Bennett is over extended, the strategist claims. He has to endorse MK Uri Orbach, the only Jewish Home MK who is not running for chairman and who has backed Bennett in the leadership race. Another is Ayelet Shaked who worked with Bennett when Bennett was Chief of Staff to the Prime Minister. The strategist named at least five more politicians Bennett will have to appease.
Therefore the strategist claims that Bennett needs to clear the way in order to make room for additional candidates so he can garner as much support as possible and fulfill all his commitments. Removing three of the National Union MKs would enable him to do that.
No Admission of Defeat
While the repeated and vague references in Abramowitz and Gimpel’s statement and e-mail message to not getting into the Knesset seem to indicate that the candidates may have lost confidence in their changes of success, their campaign manager, Jeremy Saltan, said the opposite was the case.
“We are very confident that at least one of them will get a secure spot,” Saltan said over the telephone. Saltan, who is also of American origin, says the campaign has built a base of thousands of new members who will vote for Abramowitz and Gimpel in the November 13 primary.
But “for them it’s about ideology and unity,” Saltan said. Therefore he says they are “genuinely and sincerely willing to sacrifice a place in the Knesset, if it comes to it, in order to unite the national religious camp.”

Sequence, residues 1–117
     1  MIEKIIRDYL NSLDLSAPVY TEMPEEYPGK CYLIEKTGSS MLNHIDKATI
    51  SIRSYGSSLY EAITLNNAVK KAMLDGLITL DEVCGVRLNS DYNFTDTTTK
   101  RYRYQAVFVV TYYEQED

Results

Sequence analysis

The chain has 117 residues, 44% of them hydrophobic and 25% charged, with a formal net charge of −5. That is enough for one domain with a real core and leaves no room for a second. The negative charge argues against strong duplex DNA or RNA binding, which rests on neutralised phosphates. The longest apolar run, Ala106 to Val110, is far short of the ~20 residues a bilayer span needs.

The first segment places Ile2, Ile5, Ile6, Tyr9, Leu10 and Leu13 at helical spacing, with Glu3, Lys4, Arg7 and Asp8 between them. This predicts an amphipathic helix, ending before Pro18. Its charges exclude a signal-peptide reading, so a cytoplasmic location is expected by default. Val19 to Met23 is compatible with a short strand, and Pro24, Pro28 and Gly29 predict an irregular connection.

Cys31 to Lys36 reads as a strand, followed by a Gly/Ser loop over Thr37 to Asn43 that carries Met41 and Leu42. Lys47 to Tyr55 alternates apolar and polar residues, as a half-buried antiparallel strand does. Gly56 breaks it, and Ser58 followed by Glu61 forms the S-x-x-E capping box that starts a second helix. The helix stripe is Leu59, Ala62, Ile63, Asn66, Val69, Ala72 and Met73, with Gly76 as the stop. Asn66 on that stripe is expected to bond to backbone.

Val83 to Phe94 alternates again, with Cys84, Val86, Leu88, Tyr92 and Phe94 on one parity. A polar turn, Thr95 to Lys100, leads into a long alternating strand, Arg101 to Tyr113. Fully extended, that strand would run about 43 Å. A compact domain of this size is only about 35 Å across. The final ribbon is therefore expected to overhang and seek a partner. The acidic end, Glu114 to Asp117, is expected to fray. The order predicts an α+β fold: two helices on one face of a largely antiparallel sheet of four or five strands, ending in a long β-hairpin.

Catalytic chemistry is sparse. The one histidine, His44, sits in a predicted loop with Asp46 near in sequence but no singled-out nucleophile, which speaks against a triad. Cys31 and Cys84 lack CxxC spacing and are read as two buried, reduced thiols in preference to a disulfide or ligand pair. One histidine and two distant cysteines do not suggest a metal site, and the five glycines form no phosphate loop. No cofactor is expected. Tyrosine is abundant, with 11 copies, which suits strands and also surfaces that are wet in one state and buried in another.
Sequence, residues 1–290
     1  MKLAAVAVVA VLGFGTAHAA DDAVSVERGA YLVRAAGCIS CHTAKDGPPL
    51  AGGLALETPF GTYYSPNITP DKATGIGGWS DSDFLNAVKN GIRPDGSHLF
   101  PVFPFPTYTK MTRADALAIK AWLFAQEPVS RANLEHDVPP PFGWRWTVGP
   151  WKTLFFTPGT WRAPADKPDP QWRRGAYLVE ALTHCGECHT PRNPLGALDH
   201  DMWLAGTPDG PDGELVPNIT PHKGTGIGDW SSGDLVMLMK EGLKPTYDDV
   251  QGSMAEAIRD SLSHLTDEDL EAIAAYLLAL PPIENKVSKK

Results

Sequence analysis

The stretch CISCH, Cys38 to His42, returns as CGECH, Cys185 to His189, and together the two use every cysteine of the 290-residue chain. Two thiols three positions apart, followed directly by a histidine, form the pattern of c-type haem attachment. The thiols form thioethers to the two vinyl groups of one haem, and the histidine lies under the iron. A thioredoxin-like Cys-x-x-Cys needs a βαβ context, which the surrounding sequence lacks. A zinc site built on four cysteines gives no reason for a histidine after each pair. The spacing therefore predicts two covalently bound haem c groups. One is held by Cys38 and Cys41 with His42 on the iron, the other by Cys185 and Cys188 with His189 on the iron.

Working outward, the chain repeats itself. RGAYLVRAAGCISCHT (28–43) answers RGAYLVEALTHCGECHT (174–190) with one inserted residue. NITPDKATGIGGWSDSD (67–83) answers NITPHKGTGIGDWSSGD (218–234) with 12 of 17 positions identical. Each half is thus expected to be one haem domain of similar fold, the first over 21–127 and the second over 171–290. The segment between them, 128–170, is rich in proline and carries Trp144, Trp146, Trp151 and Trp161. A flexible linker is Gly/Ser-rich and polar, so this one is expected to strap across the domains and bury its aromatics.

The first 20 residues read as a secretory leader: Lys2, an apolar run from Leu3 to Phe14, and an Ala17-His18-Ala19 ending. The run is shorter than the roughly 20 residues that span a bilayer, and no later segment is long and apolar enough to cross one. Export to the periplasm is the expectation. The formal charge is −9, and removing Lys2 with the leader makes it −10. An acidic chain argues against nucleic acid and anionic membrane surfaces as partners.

Practically, this would mean endorsing a candidate for the leadership of the party, even if that candidate could not necessarily provide Abramowitz and Gimpel the requisite support to ensure they receive at least one good spot on the list.
According to Abramowitz and Gimpel, a secure spot on a small list at a time when the national-religious camp is divided is just not worth it.
“The difference between one unified block and small independent parties is the difference between relevance and irrelevance during a time when the Nation needs to hear our voice more than ever before,” they said in the statement.
Disclaimer: The author is involved with the Likud party, but all information contained in the article was provided by independent sources from the Jewish Home and/or National Union.
About the Author: Daniel Tauber is a frequent contributor to various prominent publications, including the Jewish Press, Arutz Sheva, Americanthinker.com, the Jerusalem Post and Ha’aretz. Daniel is also an attorney admitted to practice law in Israel and New York and received his J.D. from Fordham University School of Law. You can follow him on facebook and twitter.
If you don't see your comment after publishing it, refresh the page.
Our comments section is intended for meaningful responses and debates in a civilized manner. We ask that you respect the fact that we are a religious Jewish website and avoid inappropriate language at all cost.